GTOlover
User Rank
Platinum
Re: Very good diagnostics, lots of effort.
GTOlover   3/12/2014 2:02:04 PM
NO RATINGS
Not to be a tinfoil hat conspirator, but I believe the OBD specdifications were developed by the automakers as a means to enslave the auto-owner to the dealerships!

Totally agree jlawton, big government and crony businesses make good "legal" thieves for the little guys.

a2
User Rank
Gold
Re: Very good diagnostics, lots of effort.
a2   3/13/2014 1:55:02 AM
NO RATINGS
@GTOlover: Yes indeed and the issue is when its being used to cater other industries as well. I think the best would be to have a customized model where you can drag and drop based on the requirement. Anyway still it will not suit the exact requirement but definitely will be much more user friendly.

bob from maine
User Rank
Platinum
Re: Very good diagnostics, lots of effort.
bob from maine   3/13/2014 11:12:28 AM
NO RATINGS
I thought the OBD programs were mandated by the Government. I do know that many manufacturers have proprietary software to enhance the 'normal' OBD diagnostics. I do have a fairly decent scanner and it does not have the memory to capture a significant time window BEFORE and AFTER a triggering event. Most scanners offer either a fault tree starting with a specific code, or they offer an off-line search with a fault-tree: neither of these would permit the detailed analysis described. At $100/hour with mechanics getting paid based on a flat-rate book, there is no incentive for the mechanics to troubleshoot. A good mechanic can beat the 'book' by 3 or 4 to 1, so like a lawyer, can actually bill a hundred hours in a 40 hour week - no time in that schedule for detailed troubleshooting. Intermittent problems are the bane of a mechanics life - often call-backs must be performed at no cost to the customer unless it can be shown to be the service writers misdiagnosis or something.

GTOlover
User Rank
Platinum
Re: Very good diagnostics, lots of effort.
GTOlover   3/13/2014 12:43:46 PM
NO RATINGS
bob, you are technically correct.

http://www.epa.gov/obd/index.htm

It was SAE and ISO the standardized a lot of the physical and codes used in modern vehicles. What was interesting about this debug was the tools used by this technician was not the simple parts store code reader. The idea of reading codes and diagnosis of a problem would seem to part and parcel for the dealership. But time and time again, I read of stories of people going to the dealer getting soaked for some 'mechanic' to swap out enough parts until the problem goes away. It matters little if they continually beat the standard rate if the part they replace was not the faulty component!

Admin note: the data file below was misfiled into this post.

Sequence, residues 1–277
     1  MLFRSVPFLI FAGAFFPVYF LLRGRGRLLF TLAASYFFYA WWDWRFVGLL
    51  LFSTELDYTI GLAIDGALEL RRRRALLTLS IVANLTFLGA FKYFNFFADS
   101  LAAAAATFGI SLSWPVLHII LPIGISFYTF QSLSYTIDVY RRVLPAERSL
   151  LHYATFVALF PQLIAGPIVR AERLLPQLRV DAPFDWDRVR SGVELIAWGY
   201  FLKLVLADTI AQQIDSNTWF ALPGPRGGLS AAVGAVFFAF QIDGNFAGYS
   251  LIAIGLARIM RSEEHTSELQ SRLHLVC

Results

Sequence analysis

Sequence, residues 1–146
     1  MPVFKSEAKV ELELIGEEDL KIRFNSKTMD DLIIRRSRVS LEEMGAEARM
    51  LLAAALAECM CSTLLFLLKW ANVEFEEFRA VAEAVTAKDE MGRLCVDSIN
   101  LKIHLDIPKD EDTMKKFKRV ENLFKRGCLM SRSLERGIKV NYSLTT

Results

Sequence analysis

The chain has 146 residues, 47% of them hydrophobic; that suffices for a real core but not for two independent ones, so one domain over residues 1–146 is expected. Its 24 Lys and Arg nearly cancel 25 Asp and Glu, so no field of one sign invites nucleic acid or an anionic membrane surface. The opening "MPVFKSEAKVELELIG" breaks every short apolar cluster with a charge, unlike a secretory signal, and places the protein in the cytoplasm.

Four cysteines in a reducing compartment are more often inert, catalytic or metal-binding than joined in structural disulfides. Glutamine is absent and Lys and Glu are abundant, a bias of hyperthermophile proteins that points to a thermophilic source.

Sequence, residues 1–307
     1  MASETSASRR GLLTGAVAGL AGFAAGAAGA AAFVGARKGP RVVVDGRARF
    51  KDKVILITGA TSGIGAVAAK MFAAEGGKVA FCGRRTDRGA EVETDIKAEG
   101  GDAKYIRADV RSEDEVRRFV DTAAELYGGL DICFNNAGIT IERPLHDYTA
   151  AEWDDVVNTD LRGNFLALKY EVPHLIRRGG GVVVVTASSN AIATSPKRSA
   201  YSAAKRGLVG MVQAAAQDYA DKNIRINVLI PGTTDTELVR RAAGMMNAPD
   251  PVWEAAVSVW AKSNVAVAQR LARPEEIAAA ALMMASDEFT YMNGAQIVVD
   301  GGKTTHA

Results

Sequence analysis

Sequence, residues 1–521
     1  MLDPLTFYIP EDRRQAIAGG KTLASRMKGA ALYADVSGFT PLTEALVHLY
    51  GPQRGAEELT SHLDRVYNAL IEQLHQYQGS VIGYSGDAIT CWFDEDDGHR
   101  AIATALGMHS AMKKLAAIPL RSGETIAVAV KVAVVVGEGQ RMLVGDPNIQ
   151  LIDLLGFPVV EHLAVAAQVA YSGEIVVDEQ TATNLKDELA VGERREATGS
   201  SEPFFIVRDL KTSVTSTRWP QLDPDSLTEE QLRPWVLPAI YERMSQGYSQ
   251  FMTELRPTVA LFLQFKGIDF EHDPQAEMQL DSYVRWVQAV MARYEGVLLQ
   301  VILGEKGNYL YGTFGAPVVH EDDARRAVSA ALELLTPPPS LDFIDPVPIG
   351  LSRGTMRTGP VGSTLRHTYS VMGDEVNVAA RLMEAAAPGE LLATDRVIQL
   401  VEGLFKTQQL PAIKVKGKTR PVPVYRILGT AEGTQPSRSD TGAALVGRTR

And if this is warranty work, how is this helping the engineers from identifying components that need to be re-designed for more robustness? All the parts seem to be junk if the tech at the dealer is changing everything they can think of to make the light go away. Now if an engineer got this troubleshooting report, he could look at revising the code (as suggested by others) or visit the air valve solenoid to see why it might be sticky.

Cabe Atwell
User Rank
Blogger
Re: Very good diagnostics, lots of effort.
Cabe Atwell   3/26/2014 4:42:48 PM
NO RATINGS
Another great piece! I find it amazing as well, that such a short post brings about a heated debate.

Fibber
User Rank
Iron
Re: Very good diagnostics, lots of effort.
Fibber   4/4/2014 12:49:18 PM
NO RATINGS
A couple of things come to mind after reading this.  The author clearly understands the complex system.  Bravo.  The OBD-II standard dictates that we shall have clean air, and a bunch of systems that must be monitored for compliance.  Exactly how the auto maker chooses to attain this is largely up to them.  The current standard dates to 1994, (first implemented around 1996) and has a unified list of a few hundred codes.  20 years later auto manufactures have thousands more proprietary codes as they monitor things never dreamed of back then.  It's really time for OBD-III. 

1) Shortly after the fuel system goes into closed loop, at a steady state speed and when other conditions are met the Catalytic Efficiency Test is conducted.  On my cars this is typically around the timeframe you called out – 8 minutes after a cold start.   At that time the mixture is by program intentionally cycled rich for a period and then lean.  The front A/F sensor is ignored, and the rear sensor monitored to see if the cat bed can hold enough oxygen to maintain clean exhaust.  If it fails two successive drive cycles you get a P0420.  While reading your description the first thing that came to mind was that the ECM wasn't ignoring the feedback of the front (A/F) sensor and was flagging the lean output as a problem.